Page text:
Watch GMA Torture Test The T.50 Supercar

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This is rather painful to watch.

Of all the supercars and hypercars released recently, two stand out for an unusual reason. Both the McLaren Speedtail and the Gordon Murray Automotive T.50 channel the spirit of the McLaren F1 via their central driving position, although each differs in its approach to performance. Our preference goes to the T.50, and as we've learned more and more about the puritanical focus on excellence that the GMA team is applying to it, our respect for it is only increasing.

As a relatively small automaker, one might have expected Gordon and his engineers to find some shortcuts, but that's not the case in any aspect of the car's development, including the calibration of the airbag systems. GMA has thoroughly abused the car to make sure that it exceeds expectations, not just as a high-performance track toy, but as a usable automobile too.

Gordon Murray Automotive/YouTube
Gordon Murray Automotive/YouTube
Gordon Murray Automotive/YouTube

The above video is narrated by Indy 500 legend Dario Franchitti, who is helping to develop the car, and shows the T.50 being tortured at ATP (Automotive Testing Papenburg) in Germany. The test starts off with the supercar traveling along the infamously bumpy Belgian Pave (choppy cobblestone) test road at 60-80 kph (37-49 mph). If the airbags go off here, the sensors are too sensitively calibrated. This also allows the engineers to see how well the suspension damping systems are working. Remarkably, the car stays a lot calmer and flatter than you may expect, and even when braking hard, the nose doesn't scrape. Murray has clearly designed this car to be usable every day.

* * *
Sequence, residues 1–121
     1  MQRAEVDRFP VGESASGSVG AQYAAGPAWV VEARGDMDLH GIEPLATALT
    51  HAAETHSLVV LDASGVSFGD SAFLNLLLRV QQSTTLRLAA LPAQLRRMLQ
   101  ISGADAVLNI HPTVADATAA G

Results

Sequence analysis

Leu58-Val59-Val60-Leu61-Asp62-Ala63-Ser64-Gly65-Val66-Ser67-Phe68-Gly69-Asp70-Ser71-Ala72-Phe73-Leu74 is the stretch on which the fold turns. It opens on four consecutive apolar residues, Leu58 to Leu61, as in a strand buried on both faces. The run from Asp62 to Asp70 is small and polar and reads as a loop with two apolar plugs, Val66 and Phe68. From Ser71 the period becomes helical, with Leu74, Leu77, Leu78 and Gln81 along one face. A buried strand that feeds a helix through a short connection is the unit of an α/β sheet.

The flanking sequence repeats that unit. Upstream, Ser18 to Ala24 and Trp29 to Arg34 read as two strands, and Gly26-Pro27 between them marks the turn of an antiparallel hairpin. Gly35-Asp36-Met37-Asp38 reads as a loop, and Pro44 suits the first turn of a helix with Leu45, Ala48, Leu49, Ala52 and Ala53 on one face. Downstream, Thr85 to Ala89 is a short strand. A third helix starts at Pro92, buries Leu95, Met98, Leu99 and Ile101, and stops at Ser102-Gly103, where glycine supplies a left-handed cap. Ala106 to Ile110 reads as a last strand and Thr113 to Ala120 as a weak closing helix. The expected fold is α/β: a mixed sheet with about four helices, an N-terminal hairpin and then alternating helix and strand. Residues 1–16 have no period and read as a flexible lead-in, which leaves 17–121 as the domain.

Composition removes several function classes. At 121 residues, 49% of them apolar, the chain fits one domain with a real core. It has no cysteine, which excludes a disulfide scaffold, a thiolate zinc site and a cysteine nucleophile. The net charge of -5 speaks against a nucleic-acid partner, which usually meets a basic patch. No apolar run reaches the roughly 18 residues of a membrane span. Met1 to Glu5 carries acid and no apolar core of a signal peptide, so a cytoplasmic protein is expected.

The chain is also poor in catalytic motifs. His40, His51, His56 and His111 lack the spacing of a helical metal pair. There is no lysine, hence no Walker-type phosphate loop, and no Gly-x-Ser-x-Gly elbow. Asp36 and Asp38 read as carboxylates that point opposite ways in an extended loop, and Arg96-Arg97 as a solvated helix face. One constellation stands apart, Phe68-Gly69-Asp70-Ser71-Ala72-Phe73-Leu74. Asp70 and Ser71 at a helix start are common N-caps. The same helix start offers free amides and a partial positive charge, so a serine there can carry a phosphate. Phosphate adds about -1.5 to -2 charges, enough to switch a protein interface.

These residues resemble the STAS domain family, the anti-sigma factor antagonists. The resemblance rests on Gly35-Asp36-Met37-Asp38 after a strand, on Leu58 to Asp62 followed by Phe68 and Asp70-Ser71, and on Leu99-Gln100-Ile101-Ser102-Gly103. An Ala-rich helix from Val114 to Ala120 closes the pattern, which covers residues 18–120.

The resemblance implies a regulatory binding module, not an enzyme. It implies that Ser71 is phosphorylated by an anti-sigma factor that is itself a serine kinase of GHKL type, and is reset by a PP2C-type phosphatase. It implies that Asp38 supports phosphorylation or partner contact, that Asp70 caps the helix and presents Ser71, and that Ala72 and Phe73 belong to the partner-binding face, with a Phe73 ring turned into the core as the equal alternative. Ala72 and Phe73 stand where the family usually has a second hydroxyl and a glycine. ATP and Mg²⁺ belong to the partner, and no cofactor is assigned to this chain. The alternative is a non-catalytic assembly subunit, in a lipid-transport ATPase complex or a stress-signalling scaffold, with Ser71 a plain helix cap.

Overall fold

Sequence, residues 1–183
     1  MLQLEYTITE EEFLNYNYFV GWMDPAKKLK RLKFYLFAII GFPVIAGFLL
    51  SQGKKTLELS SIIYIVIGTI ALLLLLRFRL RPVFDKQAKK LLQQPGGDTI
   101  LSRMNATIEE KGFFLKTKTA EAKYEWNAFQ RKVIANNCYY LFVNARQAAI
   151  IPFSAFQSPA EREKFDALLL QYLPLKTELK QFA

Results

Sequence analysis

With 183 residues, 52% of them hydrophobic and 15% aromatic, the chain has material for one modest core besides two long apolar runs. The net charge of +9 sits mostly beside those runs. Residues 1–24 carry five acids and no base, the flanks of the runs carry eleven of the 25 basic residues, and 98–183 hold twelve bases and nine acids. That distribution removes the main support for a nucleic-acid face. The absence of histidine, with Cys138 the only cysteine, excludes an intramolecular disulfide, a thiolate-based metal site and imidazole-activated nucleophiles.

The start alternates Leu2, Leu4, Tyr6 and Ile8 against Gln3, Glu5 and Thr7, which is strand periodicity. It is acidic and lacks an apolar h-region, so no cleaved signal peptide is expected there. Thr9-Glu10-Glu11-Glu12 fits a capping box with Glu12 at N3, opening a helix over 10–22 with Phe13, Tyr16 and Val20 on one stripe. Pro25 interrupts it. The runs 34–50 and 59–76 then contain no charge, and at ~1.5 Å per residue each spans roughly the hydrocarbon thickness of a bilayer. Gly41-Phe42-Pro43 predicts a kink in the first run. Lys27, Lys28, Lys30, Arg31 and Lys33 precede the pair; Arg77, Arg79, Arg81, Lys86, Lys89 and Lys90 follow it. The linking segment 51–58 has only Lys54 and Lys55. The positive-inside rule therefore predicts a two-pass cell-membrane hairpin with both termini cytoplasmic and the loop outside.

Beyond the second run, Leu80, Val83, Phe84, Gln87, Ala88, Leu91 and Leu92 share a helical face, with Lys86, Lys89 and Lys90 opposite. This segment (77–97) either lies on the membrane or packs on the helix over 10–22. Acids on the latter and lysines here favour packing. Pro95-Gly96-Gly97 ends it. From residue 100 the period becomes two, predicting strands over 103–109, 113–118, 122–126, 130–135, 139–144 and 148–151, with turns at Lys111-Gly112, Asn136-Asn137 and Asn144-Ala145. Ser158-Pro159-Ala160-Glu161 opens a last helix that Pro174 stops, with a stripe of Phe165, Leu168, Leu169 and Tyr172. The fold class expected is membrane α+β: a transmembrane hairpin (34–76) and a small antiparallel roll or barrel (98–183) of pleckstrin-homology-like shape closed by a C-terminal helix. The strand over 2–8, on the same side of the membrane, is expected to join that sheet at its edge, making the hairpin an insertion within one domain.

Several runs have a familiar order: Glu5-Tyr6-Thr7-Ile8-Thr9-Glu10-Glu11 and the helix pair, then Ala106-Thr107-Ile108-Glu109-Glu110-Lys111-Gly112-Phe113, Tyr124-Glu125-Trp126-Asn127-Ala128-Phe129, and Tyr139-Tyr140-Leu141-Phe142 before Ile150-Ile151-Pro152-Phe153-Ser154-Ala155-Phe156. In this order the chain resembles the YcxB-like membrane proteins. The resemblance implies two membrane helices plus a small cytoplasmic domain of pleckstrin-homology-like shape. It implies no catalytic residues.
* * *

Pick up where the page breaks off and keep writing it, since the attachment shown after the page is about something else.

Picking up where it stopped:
Next is the gravel heap test at 30 kph (18 mph), and the T.50 seems to handle this very well. Following that is an aggressive pothole test, performed at 25-37 mph. If an airbag goes off unexpectedly here, there is a problem. Again, nothing seems to go askew, although some rubber or plastic does appear to detach from the car.

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Gordon Murray Automotive/YouTube
Gordon Murray Automotive/YouTube
Gordon Murray Automotive/YouTube

Next is a recessed rail crossing, with more underbody plastics coming off but no other issues (besides some visible sparking beneath the car). This test was performed at 37-49 mph and again, no airbag deployment occurs.

Then comes a 250-millimeter-high ramp test, undertaken at around 43 mph, and as violent as the jump is, the airbag doesn't go off. Then comes the so-called sleeping policeman, a bump that is meant to force you to slow down. Attacked at 28-37 mph, the nose of the car easily clears and the airbag does not deploy. A truly painful test follows this, called the steel beam test. The tie-rod and tire were damaged, but that's all. Not even the wheel was hurt. Rutted roads, simulated wildlife, and even jump tests are all passed with flying colors, and the entire week-long testing program was completed in just four days.

Sure, $3.1 million is a lot for a supercar, but at least you can have confidence that it's not going to let you down.

GMA
Gordon Murray Automotive
GMA
GMA

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